Politicians don’t “create jobs” in the private sector. But policies do affect economic and job growth, for good or for ill. Alas, policies that grow the economy and help struggling workers aren’t always the policies such voters want. What voters believe is often what matters in electoral politics. Truth can take the hindmost.
Fighting NAFTA is, at Best, a Waste of Time
Wright County, Iowa, for instance, went 2 to 1 for Trump in 2016. Many of its voters were drawn to Trump’s attacks on free trade and trade pacts, like the Trans-Pacific Partnership. But guess who is now suffering since Trump killed that trade deal? Farmers and ranchers in Wright County and other agriculture-heavy parts of the country.
Today, renegotiations begin on NAFTA (the North American Free Trade Agreement). This is because, during his campaign, President Trump called the treaty “worst trade in history.” Every trade deal has costs, and those costs aren’t evenly distributed. But his claim just doesn’t fit the facts. Far more U.S. manufacturing jobs have been lost to automation than to Mexico or Canada. And the U.S. has gained overall from the deal. Pulling out of NAFTA would probably harm the rural states the president wants to help. Many congressional Republicans know this, so Trump’s efforts to renegotiate the deal may go nowhere.
Few of the new rules imposed in the 2010 Dodd-Frank Act will prevent another crisis.
The president is wasting valuable time and energy on NAFTA. Trade wars and tariffs are not the way to grow the economy or the job base, however appealing they may be to some voters.
If President Trump really wants to help struggling Americans, he should focus on the boring stuff that works, and then make the case for it to voters.
A Trillion Dollar Weight on the Economy
Item 1: He should work with Congress to prune back the thicket of regulations that has choked our economy since 2008.
During President Obama’s two terms, business was burdened with over 20,000 new regulations. This added some 572,000 pages to the Federal Register and cost our economy almost a trillion dollars.
Good regulations can protect consumers and the environment, streamline business, and strengthen rather than undercut market incentives. But many of the regulations under Obama seemed designed, not to improve the market, but to shift power to the federal government.
In 2008, the financial sector was already one of most regulated parts of the economy. The financial crisis gave President Obama and the Democrats in Congress an excuse to pile on even more counter-productive rules.
But bad policies and regulations, not a lack of regulation, caused the crisis. Few of the new rules imposed in the 2010 Dodd-Frank Act will prevent another crisis. And by dubbing some banks as “systemically important,” the Act managed to turn “too big to fail” into government policy. That’s just stupid. It tells the largest banks that we will bail them out, no matter what. What could go wrong?
Take another fruit of Dodd-Frank, the so-called Volcker Rule. The details are complicated, but it would, in effect, build a wall between commercial banks like Bank of America and investment banks like Goldman Sachs. The bank lobby has been able to get the rule deferred for years. Critics on the left, like Senator Elizabeth Warren, insist that it needs to take effect now.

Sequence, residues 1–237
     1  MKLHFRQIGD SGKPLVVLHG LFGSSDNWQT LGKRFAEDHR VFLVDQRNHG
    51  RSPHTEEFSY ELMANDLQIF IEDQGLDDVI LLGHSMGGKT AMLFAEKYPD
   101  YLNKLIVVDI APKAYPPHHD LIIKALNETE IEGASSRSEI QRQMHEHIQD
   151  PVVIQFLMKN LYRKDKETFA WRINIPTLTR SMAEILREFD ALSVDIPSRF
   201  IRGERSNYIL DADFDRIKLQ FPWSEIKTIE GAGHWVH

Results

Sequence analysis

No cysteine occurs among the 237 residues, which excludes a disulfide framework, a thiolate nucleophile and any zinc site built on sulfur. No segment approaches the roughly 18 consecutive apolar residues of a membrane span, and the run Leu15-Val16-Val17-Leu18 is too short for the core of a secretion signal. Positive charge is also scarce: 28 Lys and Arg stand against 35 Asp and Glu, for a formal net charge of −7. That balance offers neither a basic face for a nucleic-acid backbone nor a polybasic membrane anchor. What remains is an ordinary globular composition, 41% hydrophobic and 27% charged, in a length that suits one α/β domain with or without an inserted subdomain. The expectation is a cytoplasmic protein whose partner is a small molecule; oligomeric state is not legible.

Here’s the thing: the lack of the Volcker Rule had nothing to do with the financial crisis. As it was, JP Morgan Chase (a commercial bank) was able to buy Bear Stearns (an investment bank). And Bank of America was able to buy Merrill Lynch. Without such actions, the crisis would have been worse, not better. People as diverse as libertarian economist Tyler Cowen and Bill Clinton have pointed this out.
So why do Warren and others insist on the regulation? Again, it’s all about power, not protection.
To get the economy growing, the president and the GOP Congress need to work together.
It’s the same story with health care. Americans spend so much on health care not because the sector is free and unregulated, but because of huge “third-party payers” that come between customers and providers. That’s why few of us know how much a doctor’s visit really costs. Good policy that harnesses the free market and sets up the right incentives would boost quality and supply and lower the cost of health care. What we got instead, in 2010, was Obamacare. It has made an already bad system far worse.
And now we have a GOP Congress that lacks the nerve to repeal it.
Then we have the onerous red tape that’s supposed to help the environment. Before President Obama took office, our air and water were cleaner than they had been in decades. Most of the rules we added from 2008 to 2016 have not protected the environment, let alone the climate. They’ve just expanded the power of the state. They gave the EPA and other regulators more power over simple choices — like what car to drive or light bulb to use.
So, here’s what has happened since President Trump took office:
- He has made a good start on environmental red tape. In one executive order, he rolled back more than a dozen bad regulations.
- The House passed a major reform of Dodd-Frank, but it has gone nowhere in the Senate..
- Obamacare repeals have failed.
Not everything can be done by the president’s pen or a vote in the House. To get the economy growing, the president and the GOP Congress need to work together. Fights between the White House and Capitol Hill will do little to unburden our economy from bad Obama-era regulations.
Every minute that the president spends on NAFTA is a minute he is not working with Congress on policies that would grow the economy. He needs to focus on what will work, not on what sounds good.